The Longbox Project – Part 4

After years of having them in storage, it’s time to dive in and see what’s in my comics collection!

It’s crazy how fast my longboxes filled with comics got covered with random crap in my hallway closet. As a result, it’s been almost two years since I LAST did one of these deep dives into my collection.

But I reorganized my closet last week and it gave me a chance to pull out a couple of boxes. The first one had a couple of surprises for me.

As a reminder, I decided to use Comic Book Realm, a free comics database website to help me organize the books. The service helps me keep track of what I have in my collection and gives me an estimate of what the books are worth, so all values listed here are based on what the site tells me.

Second Printing Shocker

The most valuable comic hidden in this batch of books was, to my surprise and delight, a second printing! Valued at $90 by Comic Book Realm, the second printing of 2002’s Batman 608 – the first chapter of Jeph Loeb and Jim Lee’s iconic “Hush” story arc – is almost 5 times as valuable as the main first printing cover!

The second printing cover featured a new Jim Lee drawing that has become pretty iconic, and it’s the image I think most people relate with the opening of the Loeb/Lee team-up.

The “Hush” story arc was a 12-issue Loeb mystery that had Batman trying to figure out who was tormenting him and making life difficult for him in Gotham City. All 12 issues were drawn by Lee, with stunning covers that were matched by the art on the inside. A coordinated effort by one of Bruce Wayne’s oldest friends brought the Caped Crusader to the brink, and forced Batman to question his relationships with several of his supporting cast.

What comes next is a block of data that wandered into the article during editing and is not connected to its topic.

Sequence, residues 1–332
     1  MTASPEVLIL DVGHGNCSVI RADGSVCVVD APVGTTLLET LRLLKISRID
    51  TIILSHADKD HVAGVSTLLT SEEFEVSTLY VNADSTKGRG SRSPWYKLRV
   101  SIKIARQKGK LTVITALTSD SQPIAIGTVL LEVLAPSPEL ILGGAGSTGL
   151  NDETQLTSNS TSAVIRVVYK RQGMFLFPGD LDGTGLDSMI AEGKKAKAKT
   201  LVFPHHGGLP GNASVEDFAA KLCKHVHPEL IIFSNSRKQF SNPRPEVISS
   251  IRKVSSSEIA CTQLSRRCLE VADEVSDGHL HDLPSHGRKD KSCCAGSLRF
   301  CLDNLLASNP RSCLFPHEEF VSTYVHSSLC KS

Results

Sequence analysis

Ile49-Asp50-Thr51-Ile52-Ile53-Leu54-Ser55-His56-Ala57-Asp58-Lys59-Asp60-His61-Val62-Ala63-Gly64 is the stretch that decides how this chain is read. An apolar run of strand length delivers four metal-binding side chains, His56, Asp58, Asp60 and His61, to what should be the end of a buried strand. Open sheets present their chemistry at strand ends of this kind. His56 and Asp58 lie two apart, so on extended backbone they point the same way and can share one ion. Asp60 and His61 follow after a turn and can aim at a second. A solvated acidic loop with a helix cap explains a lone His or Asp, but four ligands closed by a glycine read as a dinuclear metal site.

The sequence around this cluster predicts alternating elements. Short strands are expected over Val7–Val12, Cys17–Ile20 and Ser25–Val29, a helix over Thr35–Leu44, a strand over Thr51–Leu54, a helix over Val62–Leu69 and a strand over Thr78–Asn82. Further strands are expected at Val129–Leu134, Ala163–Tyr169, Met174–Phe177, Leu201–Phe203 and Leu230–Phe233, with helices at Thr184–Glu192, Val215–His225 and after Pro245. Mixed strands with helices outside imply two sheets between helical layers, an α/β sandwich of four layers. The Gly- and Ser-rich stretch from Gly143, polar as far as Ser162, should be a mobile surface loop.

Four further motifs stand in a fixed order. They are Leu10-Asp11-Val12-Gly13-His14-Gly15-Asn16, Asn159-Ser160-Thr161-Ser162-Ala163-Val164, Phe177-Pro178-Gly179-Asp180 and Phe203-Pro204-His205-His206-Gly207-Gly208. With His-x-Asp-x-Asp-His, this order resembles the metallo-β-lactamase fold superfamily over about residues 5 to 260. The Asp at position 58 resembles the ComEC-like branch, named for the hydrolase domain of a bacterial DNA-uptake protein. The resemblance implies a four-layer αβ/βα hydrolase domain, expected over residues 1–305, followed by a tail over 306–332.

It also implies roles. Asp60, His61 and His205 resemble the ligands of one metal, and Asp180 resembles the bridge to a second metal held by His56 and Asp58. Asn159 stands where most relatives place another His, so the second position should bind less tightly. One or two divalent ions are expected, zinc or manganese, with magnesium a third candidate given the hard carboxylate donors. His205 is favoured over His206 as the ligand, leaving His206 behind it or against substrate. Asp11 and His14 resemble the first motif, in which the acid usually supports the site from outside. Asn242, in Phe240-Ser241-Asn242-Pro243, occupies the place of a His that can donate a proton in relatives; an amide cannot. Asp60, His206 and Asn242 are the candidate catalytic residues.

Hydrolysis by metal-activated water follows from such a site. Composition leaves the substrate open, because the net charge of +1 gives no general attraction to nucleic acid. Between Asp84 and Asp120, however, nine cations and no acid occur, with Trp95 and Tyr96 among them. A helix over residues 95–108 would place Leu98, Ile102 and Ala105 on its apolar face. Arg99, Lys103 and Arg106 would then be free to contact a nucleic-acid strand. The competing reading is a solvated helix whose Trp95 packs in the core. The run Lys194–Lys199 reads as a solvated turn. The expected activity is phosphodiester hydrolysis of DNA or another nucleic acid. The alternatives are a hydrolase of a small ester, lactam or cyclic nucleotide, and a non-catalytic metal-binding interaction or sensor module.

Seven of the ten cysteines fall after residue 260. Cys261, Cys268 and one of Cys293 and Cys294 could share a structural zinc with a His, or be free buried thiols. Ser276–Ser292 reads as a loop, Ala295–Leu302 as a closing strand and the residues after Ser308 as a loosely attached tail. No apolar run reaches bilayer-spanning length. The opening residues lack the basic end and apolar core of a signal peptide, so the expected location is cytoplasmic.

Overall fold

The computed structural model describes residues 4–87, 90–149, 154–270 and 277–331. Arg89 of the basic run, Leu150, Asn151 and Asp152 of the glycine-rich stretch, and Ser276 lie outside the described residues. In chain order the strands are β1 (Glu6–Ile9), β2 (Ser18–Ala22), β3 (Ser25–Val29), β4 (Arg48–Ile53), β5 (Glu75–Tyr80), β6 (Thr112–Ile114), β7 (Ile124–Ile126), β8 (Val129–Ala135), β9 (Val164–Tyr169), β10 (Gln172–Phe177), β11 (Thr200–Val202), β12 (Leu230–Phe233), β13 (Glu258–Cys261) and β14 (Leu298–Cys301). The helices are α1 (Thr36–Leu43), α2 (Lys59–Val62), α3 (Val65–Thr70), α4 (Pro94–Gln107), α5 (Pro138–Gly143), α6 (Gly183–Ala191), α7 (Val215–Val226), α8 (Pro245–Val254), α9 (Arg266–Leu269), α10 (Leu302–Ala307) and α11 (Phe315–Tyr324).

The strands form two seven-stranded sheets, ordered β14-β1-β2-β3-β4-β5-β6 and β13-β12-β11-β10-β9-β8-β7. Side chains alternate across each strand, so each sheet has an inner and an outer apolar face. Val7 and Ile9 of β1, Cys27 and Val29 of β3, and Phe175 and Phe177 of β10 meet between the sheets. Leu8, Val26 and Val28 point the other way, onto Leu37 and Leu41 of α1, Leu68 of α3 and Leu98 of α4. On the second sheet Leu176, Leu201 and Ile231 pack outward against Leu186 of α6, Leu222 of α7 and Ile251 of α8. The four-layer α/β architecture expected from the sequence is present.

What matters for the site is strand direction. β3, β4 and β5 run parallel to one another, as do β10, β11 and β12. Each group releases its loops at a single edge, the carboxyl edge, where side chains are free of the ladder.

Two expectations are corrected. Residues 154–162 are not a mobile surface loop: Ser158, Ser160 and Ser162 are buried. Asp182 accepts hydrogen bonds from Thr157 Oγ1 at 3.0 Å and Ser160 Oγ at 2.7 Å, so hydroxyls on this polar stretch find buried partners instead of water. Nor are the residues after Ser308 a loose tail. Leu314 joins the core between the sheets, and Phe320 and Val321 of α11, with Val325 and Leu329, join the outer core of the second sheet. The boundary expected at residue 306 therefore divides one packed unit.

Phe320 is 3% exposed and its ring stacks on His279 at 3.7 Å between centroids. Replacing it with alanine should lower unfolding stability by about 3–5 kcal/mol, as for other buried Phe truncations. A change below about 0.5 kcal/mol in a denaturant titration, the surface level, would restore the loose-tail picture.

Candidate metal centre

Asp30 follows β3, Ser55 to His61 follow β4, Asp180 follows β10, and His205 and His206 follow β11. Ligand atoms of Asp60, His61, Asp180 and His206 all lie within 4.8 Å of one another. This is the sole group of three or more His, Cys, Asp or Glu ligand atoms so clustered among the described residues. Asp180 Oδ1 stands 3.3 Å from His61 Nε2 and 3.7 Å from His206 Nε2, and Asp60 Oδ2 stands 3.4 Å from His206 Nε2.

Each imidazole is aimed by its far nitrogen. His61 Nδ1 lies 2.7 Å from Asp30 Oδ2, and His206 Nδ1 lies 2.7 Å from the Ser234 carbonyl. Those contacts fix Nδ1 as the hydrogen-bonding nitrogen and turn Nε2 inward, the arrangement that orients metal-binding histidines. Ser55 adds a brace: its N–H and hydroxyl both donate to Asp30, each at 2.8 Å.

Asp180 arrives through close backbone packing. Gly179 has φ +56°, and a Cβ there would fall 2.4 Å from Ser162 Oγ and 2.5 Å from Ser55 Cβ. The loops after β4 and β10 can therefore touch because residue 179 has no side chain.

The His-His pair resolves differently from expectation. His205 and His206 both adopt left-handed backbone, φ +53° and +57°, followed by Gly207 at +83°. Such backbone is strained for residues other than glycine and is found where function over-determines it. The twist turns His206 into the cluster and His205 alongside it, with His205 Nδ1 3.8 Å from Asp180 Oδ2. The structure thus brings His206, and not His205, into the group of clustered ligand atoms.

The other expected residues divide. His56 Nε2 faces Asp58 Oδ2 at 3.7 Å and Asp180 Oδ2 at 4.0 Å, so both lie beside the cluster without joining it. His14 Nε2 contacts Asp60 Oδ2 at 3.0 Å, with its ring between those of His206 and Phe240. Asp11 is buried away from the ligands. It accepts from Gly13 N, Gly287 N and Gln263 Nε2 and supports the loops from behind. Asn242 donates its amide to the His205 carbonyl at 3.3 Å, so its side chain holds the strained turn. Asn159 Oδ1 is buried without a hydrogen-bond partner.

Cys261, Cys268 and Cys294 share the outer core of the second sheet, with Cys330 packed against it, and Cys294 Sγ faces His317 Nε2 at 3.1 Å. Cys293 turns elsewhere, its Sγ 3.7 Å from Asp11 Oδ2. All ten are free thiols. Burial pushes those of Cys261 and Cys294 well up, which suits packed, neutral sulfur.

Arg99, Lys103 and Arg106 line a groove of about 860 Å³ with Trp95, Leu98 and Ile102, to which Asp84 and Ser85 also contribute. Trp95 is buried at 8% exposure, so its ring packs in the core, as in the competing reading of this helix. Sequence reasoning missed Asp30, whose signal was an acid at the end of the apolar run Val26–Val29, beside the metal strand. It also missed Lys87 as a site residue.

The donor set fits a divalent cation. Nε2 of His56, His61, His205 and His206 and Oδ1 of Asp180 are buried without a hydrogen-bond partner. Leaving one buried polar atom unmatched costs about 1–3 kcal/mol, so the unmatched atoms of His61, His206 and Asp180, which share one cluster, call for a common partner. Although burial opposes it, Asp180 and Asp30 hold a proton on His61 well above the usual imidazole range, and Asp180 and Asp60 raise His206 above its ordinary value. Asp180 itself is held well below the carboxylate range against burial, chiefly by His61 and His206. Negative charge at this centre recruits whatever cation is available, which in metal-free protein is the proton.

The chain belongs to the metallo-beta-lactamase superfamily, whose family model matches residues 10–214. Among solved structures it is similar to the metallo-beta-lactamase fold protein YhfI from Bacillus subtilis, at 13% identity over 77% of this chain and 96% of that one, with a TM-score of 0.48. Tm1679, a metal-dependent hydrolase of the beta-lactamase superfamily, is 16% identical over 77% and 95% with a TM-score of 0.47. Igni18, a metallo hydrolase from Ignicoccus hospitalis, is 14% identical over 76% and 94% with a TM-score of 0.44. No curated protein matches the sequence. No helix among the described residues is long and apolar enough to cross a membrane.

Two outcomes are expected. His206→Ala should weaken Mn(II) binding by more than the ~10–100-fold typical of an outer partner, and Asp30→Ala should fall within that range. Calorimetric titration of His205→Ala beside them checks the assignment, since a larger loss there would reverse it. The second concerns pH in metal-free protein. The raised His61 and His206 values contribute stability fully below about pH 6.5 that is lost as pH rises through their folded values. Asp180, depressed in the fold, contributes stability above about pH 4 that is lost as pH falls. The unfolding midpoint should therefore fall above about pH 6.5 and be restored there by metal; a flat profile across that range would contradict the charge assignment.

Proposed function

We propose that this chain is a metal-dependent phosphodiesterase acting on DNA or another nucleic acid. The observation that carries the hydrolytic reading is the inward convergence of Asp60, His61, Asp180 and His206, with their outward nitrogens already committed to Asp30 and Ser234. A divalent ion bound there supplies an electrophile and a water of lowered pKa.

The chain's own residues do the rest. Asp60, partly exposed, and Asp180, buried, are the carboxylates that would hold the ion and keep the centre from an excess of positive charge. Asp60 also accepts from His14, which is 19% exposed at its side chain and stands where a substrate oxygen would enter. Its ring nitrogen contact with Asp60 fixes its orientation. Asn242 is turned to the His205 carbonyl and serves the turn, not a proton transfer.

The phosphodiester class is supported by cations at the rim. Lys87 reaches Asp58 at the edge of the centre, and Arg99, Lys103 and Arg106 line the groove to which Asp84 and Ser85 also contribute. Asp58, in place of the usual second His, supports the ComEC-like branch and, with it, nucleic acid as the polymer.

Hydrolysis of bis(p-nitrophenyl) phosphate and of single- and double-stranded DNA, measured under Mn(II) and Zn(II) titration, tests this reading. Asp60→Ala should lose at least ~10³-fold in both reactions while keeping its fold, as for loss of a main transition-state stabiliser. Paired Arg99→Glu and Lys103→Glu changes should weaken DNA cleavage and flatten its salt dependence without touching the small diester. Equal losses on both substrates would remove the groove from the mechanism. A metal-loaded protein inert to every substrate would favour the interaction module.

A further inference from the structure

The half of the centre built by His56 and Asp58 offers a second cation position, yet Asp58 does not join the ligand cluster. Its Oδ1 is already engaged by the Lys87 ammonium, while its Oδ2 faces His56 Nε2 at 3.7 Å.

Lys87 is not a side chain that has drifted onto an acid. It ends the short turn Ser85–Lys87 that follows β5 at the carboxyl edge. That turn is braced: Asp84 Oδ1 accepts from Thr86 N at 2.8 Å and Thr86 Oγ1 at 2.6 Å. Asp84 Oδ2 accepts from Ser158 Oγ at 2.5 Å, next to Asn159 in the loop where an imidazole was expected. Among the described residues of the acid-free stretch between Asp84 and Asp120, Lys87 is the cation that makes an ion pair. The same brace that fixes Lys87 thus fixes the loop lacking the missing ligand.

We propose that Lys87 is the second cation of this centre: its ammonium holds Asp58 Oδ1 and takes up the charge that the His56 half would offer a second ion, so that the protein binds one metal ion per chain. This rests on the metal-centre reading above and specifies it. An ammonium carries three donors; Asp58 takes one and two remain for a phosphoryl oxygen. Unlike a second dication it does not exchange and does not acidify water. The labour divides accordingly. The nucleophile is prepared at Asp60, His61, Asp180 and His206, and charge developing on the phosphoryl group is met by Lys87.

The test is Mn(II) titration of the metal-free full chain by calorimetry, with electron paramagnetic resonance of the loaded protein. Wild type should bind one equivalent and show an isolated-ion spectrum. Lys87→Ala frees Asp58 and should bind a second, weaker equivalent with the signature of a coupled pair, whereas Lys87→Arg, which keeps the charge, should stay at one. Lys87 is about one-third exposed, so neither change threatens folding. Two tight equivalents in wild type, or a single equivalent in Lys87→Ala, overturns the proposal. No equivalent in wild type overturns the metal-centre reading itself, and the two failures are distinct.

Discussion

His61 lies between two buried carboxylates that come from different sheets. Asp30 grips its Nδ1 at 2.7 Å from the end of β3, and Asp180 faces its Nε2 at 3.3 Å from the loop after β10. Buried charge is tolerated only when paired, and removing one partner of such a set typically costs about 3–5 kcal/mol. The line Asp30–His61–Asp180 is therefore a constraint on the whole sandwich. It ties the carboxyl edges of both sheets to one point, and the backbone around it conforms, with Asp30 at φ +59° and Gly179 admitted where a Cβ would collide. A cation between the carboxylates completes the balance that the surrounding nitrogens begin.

The iconic story, which set the course of many Batman stories for most of the last 16 years, was a big seller, and most of the issues of the story have seen some increases in prices. Issue 612, which featured a confrontation with a Superman mind-controlled by Poison Ivy, is boosted up to $15 for the first printing (which I have) and $20 for the variant, which was a pencil sketch of the original cover, both by Jim Lee. Loeb writing Batman and Superman is always enjoyable, and I love the deference Batman shows his closest ally on the Justice League in this issue.

I had all 12 issues of the “Hush” arc in this box – including two different covers of issue 619, the final chapter of the story (the main cover and a second printing). The 13 “Hush” issues come to a grand total of $157. In comparison, the 12 issues of Crisis on Infinite Earths I own, which I detailed in PART 2, are worth $182 (they seem to have gone down in value by a few dollars in the last 2 years).

The second most expensive book I found in this box was another issue of Batman. Issue 400, which featured an introduction from novelist Stephen King, came in at $35.

Long Live the Queen

DC Comics killed off Oliver Queen – the Green Arrow – in 1995, allowing his recently-discovered son Connor Hawke to take over as the Emerald Archer. The book ran for another 3 years with Connor as Green Arrow before the book got cancelled in 1998 with issue 137 (currently valued at $15). It was announced that the book would be revamped and that Oliver Queen would come back with a pretty big name attached to the new series, though it took almost three years for that to materialize.

In early 2001, we finally got Oliver Queen back from the dead, with director Kevin Smith writing and Phil Hester and Ande Parks providing the art. Smith did 15 issues of Green Arrow, re-establishing Queen back into a DC Universe that was wholly unfamiliar and that had moved on without him. The first issue made a pretty big impact, and is still worth $18 all these years later. Unfortunately, Smith’s run on the book didn’t really maintain a high level of value, as the series quickly drops in value to $4-5 within a couple of issues.

Regardless of its value, Smith’s “Quiver,” the first 10 issues of his run, is a fun read with many memorable moments for Star City’s favorite son.

The Collection

Let’s take a look at where the totals stand after going through the fourth box in my collection. Totals for all four boxes (and probably a couple of years worth of value changes) are in parenthesis.

Total Issues: 293 (1,441)
Paid: $691.31 ($3,945.42)
Current Value: $1,162.96 ($5,392.41)
Profit: $471.65 ($1,420.60)
Value Per Issue: $3.97 ($3.74)